Roof is impacted by the Trayvon Martin incident and also impacted by footage of the police killing of Freddie Gray (in Baltimore). But no one processes the information with Roof. He kind of fits the “loner” profile and is not close with any parent, stepparent, or any other sort of influential relative, or any sort of responsible adult. According to the FBI, Dylan Roof “self-radicalizes” as he processes the same sort of information my kids and your kids just saw emanate from Minneapolis, but with no guidance, no discussion, and no mentorship.

Left to his own devices, and those devices include a Glock .45 caliber Gen4 pistol as well as, Dylann hopes, a semi-automatic AR-15 rifle which he tries to obtain, Mr. Roof’s take-away from watching the George Zimmerman case and the Freddie Gray case is he would “like to start a race war in the U.S.A.” And he does his best to achieve precisely that by shooting up a bible study group in a church in Charleston, South Carolina – killing nine parishioners.

Going back to the Duluth lynchings that occurred almost 100 years ago to this day, seven African American circus workers had been rounded up on spurious charges of rape, later proven false, in an incident incredibly similar to Amy Cooper vs. Christian Cooper a few days ago in New York’s Central Park. But without the incontrovertible alibi of a cell phone recorded video.

2011 miles away from Minneapolis, Santa Barbara does not have a clean slate when it comes to racial justice. One not-so-well-known example happened in 1983 when the Harlem Globetrotters were visiting here. After a show, three players (Sweet Lou Dunbar, Ovie Dotson, and Jimmy Blacklock) went downtown to walk around and get some ice cream. Eventually they flagged down a taxi to head back to their hotel. While on the way to their hotel, their taxi was surrounded by police cars, guns drawn. Before the incident was over the Santa Barbara Police had three members of the world-famous Globetrotters lying face down in the street. Handcuffed. Why? Because next door in Montecito three black men “of average height” had robbed a jewelry store. Luckily, because one reporter had seen the Globetrotters in the ice cream shop and followed them, this was all caught on tape. Which was good not just because there was a record, but because the reporter was able to tell the cops that the Globetrotters were clearly not the “average height” guys who had robbed the Montecito jewelry store.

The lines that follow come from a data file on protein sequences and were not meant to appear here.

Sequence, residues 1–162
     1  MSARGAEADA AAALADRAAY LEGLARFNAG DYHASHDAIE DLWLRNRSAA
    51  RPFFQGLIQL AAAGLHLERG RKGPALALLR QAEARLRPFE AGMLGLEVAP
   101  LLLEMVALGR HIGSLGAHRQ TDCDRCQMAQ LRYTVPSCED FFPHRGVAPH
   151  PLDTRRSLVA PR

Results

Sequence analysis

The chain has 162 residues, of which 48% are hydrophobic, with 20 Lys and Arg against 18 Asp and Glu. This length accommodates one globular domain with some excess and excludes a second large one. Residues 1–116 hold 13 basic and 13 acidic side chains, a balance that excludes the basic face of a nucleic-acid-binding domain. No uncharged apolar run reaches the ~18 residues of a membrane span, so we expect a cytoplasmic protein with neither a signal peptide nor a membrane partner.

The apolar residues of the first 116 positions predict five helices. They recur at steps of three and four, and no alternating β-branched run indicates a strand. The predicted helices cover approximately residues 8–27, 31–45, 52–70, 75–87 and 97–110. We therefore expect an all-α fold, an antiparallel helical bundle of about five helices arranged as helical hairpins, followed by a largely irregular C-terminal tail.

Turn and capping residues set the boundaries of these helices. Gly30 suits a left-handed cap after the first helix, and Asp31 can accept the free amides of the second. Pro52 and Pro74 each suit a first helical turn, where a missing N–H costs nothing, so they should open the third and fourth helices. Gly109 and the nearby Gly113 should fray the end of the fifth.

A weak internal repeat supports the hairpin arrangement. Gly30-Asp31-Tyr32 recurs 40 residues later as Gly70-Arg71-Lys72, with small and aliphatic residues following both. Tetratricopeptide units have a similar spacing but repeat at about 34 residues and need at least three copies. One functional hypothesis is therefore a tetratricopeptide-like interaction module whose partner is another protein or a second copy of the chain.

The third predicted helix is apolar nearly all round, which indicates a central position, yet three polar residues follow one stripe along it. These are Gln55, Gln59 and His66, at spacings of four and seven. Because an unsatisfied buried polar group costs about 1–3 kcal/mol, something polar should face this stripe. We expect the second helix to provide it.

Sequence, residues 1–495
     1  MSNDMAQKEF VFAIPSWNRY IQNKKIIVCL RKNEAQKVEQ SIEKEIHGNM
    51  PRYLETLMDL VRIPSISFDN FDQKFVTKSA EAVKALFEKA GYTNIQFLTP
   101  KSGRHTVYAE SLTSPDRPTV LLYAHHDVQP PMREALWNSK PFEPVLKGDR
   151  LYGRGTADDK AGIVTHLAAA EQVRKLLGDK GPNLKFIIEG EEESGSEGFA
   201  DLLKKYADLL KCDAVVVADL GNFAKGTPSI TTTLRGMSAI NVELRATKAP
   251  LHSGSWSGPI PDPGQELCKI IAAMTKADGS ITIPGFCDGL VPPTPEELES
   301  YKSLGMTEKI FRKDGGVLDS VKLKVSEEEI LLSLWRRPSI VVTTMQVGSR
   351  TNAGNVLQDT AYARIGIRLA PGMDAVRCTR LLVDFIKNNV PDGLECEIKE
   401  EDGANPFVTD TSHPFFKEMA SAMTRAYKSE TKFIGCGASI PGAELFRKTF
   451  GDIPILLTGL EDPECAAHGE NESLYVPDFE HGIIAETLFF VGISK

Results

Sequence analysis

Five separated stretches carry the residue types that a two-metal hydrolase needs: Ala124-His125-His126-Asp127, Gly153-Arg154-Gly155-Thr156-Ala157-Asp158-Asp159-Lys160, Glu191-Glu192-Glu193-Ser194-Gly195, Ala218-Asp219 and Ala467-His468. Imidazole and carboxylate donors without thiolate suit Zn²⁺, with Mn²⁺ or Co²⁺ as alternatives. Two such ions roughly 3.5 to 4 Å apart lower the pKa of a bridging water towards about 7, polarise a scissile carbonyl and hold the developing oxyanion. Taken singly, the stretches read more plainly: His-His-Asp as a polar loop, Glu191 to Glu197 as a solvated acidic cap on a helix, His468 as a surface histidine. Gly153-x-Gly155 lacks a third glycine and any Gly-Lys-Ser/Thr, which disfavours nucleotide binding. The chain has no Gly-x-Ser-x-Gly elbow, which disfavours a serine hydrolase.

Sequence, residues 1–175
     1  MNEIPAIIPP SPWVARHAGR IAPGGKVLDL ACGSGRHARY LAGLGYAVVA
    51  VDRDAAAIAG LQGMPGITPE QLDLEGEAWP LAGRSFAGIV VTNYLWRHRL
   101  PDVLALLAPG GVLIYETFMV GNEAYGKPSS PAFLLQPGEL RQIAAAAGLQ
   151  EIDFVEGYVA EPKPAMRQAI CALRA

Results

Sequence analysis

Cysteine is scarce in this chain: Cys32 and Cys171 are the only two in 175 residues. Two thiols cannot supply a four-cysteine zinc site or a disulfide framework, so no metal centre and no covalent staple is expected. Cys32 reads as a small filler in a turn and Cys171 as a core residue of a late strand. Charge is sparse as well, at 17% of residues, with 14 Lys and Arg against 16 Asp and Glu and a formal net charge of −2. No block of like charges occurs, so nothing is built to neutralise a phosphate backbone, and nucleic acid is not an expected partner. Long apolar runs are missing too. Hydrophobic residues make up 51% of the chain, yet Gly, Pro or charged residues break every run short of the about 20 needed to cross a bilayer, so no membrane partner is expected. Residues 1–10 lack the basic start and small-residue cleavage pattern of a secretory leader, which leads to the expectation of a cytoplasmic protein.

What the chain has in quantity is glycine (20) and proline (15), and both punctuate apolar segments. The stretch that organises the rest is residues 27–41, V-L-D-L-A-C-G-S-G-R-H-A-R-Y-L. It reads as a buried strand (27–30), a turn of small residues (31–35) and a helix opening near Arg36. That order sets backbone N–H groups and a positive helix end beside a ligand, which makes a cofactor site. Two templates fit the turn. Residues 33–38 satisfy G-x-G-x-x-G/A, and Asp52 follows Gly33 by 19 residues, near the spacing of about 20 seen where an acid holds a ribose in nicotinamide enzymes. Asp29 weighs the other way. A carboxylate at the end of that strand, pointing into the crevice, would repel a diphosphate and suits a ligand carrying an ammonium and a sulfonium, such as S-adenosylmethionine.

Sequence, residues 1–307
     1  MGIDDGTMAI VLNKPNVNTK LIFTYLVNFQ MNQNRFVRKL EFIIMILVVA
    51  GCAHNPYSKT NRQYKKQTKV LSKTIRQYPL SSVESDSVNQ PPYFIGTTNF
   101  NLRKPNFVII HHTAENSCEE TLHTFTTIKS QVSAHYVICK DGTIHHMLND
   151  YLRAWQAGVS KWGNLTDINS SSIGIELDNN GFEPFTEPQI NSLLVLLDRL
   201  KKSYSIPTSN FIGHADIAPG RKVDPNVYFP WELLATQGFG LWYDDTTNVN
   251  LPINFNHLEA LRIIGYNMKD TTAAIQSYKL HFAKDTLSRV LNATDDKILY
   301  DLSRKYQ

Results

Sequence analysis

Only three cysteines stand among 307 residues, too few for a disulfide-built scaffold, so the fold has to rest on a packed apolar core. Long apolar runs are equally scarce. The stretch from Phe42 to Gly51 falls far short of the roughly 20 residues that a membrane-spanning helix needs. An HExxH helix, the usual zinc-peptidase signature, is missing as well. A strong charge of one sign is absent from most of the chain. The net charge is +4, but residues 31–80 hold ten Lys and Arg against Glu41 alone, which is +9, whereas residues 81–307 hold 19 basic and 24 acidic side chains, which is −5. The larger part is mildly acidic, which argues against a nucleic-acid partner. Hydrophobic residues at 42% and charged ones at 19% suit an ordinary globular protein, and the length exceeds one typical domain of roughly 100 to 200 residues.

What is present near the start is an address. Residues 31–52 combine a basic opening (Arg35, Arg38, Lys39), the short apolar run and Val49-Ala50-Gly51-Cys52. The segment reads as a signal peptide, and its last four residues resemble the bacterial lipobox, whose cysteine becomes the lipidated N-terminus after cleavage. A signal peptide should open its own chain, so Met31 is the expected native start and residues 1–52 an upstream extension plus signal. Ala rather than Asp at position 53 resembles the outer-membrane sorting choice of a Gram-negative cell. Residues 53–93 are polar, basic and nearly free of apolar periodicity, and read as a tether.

Sadly, in 1920 in Duluth there were no cameras to record incontrovertible alibis. And because of the race hysteria at the time and because the traveling circus workers lacked recordings or other resources with which to defend themselves, three of them were lynched by a Duluth mob estimated at 1,500. The rest were all eventually exonerated, but one of them only under the condition that he “never return to Minnesota.”

Until quite recently, Minnesota’s complicated racial past had been quite literally whitewashed, much like Tulsa, Oklahoma’s 1921 Race War that killed at least 40 – completely scrubbed from newspaper coverage and news archives and histories both at the time and in perpetuity.

Minnesota’s problem isn’t NOT our problem. Nor is Los Angeles’s. Nor Staten Island’s. Nor Atlanta’s… We all have to deal with these incidents and images that are becoming a common ingredient in our kids’ daily internet feeds, even if they come from 2,011 miles away. Because to witness the video of a death in progress embalms it in our hearts and minds for all time. As the saying goes, once you see it, you can’t “unsee” it. Those images become seeds in our kids that are going to grow into something. How we respond to Minnesota, or don’t, will determine if those seeds will become Bob Dylan/Robert Zimmerman. Or Dylan Thomas. Or will they become George Zimmerman? Or will they become Dylann Roof?

The answer, my friends, is blowing in the wind.

The answer is blowin’ in the wind.